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This paper will discuss past leadership on my personal experiences as a follower and as a leader. A host of questions about my experiences as a leader and follower will be addressed and answered in the body of this paper.
It’s not as easy to be in a leadership position as some may think. Effective leaders possess a multitude of characteristics that enable them to lead. Characteristics such as adaptability, excellent communication skills, respect, enthusiasm and open-mindedness are all traits that strong leaders. These leadership traits, while very key, take a back seat to one very important trait, which is being a good follower. Before a leader can efficiently take the reins, (so to speak), they must learn to be a good follower. Those that have never followed can never effectively lead, (this is my personal opinion of course). In this paper we will look at my personal experiences as a follower and as a leader. Many questions about my personal experiences will be addressed and answered in the pages to come. To begin, I will answer the question, “Was I ever in a leadership role”.
Many times in the past I have taken on a role as a leader. Be it a planning committee that I chaired, or a project I was working with others on. I have had my fair share of leadership roles, but one stands out above all others. Four days after the attacks of September 11, 2001, I was deployed to an undisclosed location in the Middle East. Prior to my departure, I was designated “Troop Commander” of the attachment of six intelligence analysts that were being sent to the region to assist the Special Forces personnel with initial target intelligence assessments.
At the time of this deployment, I was 23 years old and had never been in-charge of anything other than a Holiday Party Planning Committee, (so obviously I was fairly unexperienced when it came to leadership). The trip was long and all any of us could think of was what to expect when we landed. After 38 hours of travelling, the flight crew notified us that the plane was going to make a combat decent into the air base that we were heading to. (For those that don’t know a combat decent is an aerial maneuver that is done to take the aircraft from cruising altitude, (approximately 38,000 feet), to the ground within about three minutes). Upon landing, we taxied for a minute and then came to a stop in the middle of the runway. The back ramp to the plane began to open and a British Special Air Service (SAS) officer came on board. He informed all of us that we were in a very hostile area and gunfire had been exchanged with enemy forces just a few minutes prior to our arrival. Almost at that exact moment, gunfire erupted and rounds started hitting the aircraft. We were sitting ducks and had to move to a more fortified location immediately. I instructed my troops to gear up and get ready to move, (this was my first order that I had ever given anyone). I divided the seven of us into two separate squads, (one squad of three and one of four). We waited for a lull in the fire and I gave the order to “move out”. Upon the execution of the order to “move out”, we all took off running for a bunker complex over 300 yards away. I brought up the rear to ensure my troops stayed in my sight and in case they fell or were wounded, I could pick them up and carry them. For the entire sprint to the bunker I was shouting to them things such as, “Keep it up, you can do this”, and “Don’t quit, don’t slow down, I’m behind you”, (the entire time we had bullets and tracer rounds flying past our heads). We arrived at the bunker complex within a couple minutes and were safe, (for the time being). Like I stated earlier, this scenario was the first where I was in a leadership position. Looking back at this situation, there are a few questions that need answering. The first being, “How effective was I as a leader”.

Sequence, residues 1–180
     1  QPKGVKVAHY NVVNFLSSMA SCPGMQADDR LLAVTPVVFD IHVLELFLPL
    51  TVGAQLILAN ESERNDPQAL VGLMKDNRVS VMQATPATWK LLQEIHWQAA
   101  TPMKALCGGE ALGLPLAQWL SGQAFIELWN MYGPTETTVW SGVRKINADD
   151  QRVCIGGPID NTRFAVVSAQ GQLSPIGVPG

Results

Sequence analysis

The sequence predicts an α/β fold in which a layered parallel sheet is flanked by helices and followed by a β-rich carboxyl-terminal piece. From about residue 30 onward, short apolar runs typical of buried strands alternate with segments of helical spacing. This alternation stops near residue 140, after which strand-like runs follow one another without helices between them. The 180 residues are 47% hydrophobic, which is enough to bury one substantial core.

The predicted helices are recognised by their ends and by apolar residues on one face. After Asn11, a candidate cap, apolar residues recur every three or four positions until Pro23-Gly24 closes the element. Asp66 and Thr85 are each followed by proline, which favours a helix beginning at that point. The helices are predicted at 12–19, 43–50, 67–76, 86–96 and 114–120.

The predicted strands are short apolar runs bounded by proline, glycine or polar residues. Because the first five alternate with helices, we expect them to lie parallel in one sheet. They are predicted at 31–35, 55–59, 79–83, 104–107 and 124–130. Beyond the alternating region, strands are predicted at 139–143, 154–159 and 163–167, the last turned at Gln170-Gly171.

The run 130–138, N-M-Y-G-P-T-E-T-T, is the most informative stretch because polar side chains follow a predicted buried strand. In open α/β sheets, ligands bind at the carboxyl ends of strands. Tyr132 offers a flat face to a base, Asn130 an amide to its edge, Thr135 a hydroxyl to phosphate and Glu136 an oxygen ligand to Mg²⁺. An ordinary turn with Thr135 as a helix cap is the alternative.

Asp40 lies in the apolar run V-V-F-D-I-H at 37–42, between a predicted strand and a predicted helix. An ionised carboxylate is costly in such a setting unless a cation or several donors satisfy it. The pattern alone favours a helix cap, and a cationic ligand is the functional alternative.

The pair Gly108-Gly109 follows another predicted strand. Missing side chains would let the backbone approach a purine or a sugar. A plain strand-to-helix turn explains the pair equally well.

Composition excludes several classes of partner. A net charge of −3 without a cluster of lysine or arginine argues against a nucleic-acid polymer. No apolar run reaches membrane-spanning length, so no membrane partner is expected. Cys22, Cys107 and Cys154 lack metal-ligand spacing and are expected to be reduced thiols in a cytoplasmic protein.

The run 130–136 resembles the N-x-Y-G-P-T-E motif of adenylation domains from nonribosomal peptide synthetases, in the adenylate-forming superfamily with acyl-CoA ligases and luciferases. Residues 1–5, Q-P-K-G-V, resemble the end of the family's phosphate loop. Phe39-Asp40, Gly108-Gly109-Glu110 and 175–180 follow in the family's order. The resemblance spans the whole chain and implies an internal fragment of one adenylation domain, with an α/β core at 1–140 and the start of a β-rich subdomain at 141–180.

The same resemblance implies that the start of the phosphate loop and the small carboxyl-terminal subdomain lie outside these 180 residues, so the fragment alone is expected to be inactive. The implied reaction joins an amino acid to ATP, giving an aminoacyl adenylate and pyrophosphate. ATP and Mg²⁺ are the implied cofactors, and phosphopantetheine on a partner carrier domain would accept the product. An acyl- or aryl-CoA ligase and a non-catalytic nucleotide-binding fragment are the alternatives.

I would say that I was a fairly effective leader in the situation I explained above. Being my first role as a leader, I feel that I did a good job overall given the circumstances. You have to realize the gravity of the situation we were all thrown into. We were all intelligence analysts, (intelligence analysts are rarely put in positions where they would be under fire), and not prepared for what we were walking into. Do I think that there were ways that I could have been a better, more effective leader? I believe that if I had more time to prepare for the situation that we were thrown into, I could have been slightly more effective. I would have “pumped” my troops up a bit more before we left so they would be ready to face a combat situation. I also believe that there are no “perfect” leaders out there and that everybody in a position of leadership can improve in one way or another. Overall, I think I did a decent job of motivating my troops to get to their objective, and I was prepared to endure personal injury to ensure that they all survived. Now, I will move onto explain a situation where another individual was the leader and I had to follow.